Now, Riverside did let me in, even with my gappy mask, and participating in the service entailed constantly taking the infernal thing off and putting it on again — although one speaker orated at great length while shouting through a mask, as if to admonish her lax confederates whose barefaced testimonials set such a poor example. During the reception, elderly mourners constantly came up to me, but with their faces shrouded I couldn’t recognise any of my father’s friends and colleagues, nor could I discern their condolences through all those ‘filtration layers’.

In the restaurant where a more intimate group dined that evening, we had to show proof of vaccination and valid ID to get in — this at least was a city ordinance — and then mask up to proceed 15ft to our table, where we could unmask. There is no epidemiological sense in this, but real disease prevention seems to have gone by the wayside a long time ago here. Covid has become a pantomime, a series of pious genuflections.

In both the US and the UK, loads of institutions, universities and employers have taken the public health crusade into their own hands, continuing to enforce strict, often scientifically senseless ‘Covid security’ regulations that the law does not require. I’ve a sick feeling this internalised psychosis makes both governments perfectly happy.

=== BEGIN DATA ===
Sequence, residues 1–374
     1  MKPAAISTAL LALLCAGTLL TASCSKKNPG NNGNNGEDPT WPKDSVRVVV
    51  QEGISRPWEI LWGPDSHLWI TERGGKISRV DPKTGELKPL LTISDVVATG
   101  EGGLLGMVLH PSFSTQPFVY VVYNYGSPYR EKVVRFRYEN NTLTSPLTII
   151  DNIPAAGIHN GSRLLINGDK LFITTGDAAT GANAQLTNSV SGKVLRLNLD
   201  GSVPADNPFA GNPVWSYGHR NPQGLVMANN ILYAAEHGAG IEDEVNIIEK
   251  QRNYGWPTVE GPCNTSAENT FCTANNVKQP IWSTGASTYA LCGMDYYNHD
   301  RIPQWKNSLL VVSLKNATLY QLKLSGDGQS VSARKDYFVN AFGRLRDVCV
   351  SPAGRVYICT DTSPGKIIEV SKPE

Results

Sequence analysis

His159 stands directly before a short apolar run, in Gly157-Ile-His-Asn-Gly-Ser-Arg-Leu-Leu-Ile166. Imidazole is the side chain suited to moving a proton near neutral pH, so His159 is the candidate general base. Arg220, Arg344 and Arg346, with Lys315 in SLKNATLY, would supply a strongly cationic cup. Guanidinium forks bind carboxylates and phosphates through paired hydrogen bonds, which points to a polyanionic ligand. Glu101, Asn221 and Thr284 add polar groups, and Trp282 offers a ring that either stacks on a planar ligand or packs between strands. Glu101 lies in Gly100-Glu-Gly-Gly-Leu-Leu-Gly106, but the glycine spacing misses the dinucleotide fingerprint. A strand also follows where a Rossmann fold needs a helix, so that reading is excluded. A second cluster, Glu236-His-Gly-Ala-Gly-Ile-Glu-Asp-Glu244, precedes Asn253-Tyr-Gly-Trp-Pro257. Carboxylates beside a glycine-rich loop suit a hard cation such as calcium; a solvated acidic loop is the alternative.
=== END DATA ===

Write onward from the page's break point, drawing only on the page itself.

One shock of this whole Covid fiasco has been how readily authorities can summon a formerly alien, even repulsive set of cultural norms by instilling widespread fear. When sharing memories at my father’s memorial, I was disheartened to look out on dismally isolated clumps of mourners anonymised by facial swaddling. My father deserved better, and so did his friends and family. But there will be many more such oppressive convocations before any of these protocols are rescinded.

And will they ever be rescinded? It was astonishingly easy for officialdom to manifest a whole new rancid, anti-social ethos. It may prove far harder to make the Grand Neurosis go away.